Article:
TINZ also strongly approves of the Green’s policy to

  • take a zero-tolerance approach to corruption,
  • amend legislation to make facilitation payments illegal,
  • make lobbying transparent through a public register,
  • facilitate nationwide dialogue about open government/ constitutional issues,
  • support the UN SDGs,
  • to protect whistleblowers
  • and publish information about the pecuniary interests of all Green candidates on their website.

It’s great to know that somebody has read the recommendations in Chapter 6 of TINZ Integrity Plus 2013 New Zealand National Integrity System Assessment!

What is especially impressive are the Green’s fresh ideas to make lobbying more transparent by requiring Ministers to include organisations consulted in Regulatory Impact Statements and explanatory notes, and, to remove lobbyists’ Parliament access cards.

TINZ would like to take this opportunity to thank all ten Political Parties for making the effort to respond to its six questions. This wan an especially tough ask when the campaign period is as short as it is and when, in some cases, there has been no previous Political Party anti-corruption policy. This is a major step forward to have the policies of ten Political Parties on the record and provide the basis for greater levels of informed debate in the future.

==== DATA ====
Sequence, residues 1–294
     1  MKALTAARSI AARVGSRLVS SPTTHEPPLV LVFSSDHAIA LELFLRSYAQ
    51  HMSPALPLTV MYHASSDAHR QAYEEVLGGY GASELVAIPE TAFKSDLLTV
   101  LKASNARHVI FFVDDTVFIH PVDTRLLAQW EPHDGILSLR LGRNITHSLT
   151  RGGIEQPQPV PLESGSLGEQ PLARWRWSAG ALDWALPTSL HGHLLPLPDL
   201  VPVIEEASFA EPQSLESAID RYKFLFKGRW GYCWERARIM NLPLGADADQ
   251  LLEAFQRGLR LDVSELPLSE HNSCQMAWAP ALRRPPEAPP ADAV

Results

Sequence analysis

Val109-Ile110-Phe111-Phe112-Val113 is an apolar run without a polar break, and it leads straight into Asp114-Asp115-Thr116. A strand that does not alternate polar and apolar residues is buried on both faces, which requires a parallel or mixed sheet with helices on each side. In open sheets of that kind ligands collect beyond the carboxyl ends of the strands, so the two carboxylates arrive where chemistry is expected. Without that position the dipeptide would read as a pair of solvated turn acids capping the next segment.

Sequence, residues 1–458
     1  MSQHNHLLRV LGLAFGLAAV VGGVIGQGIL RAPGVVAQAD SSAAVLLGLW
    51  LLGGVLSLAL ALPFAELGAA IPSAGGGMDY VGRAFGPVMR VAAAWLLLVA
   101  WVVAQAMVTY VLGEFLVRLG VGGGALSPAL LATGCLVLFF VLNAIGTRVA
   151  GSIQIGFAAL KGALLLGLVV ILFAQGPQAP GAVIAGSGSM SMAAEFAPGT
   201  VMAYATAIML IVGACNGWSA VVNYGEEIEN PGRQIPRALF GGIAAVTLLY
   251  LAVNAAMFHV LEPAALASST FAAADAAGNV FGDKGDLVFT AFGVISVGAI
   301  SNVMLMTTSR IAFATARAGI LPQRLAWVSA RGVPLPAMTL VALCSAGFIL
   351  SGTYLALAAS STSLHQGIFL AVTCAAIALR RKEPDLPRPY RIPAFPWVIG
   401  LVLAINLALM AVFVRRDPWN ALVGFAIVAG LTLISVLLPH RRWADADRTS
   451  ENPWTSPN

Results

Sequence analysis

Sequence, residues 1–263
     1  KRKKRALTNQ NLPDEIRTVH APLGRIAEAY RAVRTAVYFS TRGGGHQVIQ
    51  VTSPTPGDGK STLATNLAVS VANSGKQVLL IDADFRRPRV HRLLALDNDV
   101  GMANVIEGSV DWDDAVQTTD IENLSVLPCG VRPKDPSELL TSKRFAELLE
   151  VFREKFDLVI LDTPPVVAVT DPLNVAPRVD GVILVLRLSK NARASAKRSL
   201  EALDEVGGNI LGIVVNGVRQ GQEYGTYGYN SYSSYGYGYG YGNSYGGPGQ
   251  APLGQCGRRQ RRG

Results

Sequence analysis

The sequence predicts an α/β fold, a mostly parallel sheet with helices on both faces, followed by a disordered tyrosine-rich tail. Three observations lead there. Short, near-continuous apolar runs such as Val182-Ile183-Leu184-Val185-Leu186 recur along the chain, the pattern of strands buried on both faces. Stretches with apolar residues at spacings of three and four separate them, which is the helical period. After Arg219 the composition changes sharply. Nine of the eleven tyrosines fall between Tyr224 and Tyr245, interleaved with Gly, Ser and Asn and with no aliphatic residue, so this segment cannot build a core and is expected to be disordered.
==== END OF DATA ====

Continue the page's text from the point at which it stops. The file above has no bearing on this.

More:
Our country’s reputation and future prosperity will be the better for this.

Political party’s answer to questions about their anti-corruption policies

Compiled by Transparency International New Zealand

We asked each political party to respond to the following six questions and advised we will publish their results on our website, in social media and in releases to public media.

A. Campaign funding – what measures will your party take (for this and future elections) to ensure complete, detailed transparency of campaign funding from all funding sources to political parties?

B. Transparency – how will your party strengthen the Official Information Act process to ensure that Government entities provide timely and comprehensive information responses to the NZ public?

C. Anti-corruption – What measures will your party take to actively promote a wide-spread anti-corruption culture throughout NZ

D. Anti-corruption – In particular, what would your party do to support the development of the UN’s Sustainable Development Goal # 16 to develop strong governance across public and private entities to prevent corruption?

E. Protection for whistle-blowers – What measures will your party take to strengthen the Protective Disclosure Act 2000 to support whistleblowing?

F. Candidates’ interests – Does your party require all your candidates to submit a full list of all of their beneficial interests and declare conflicts where/when they may arise? Please tell us how the public may access this information.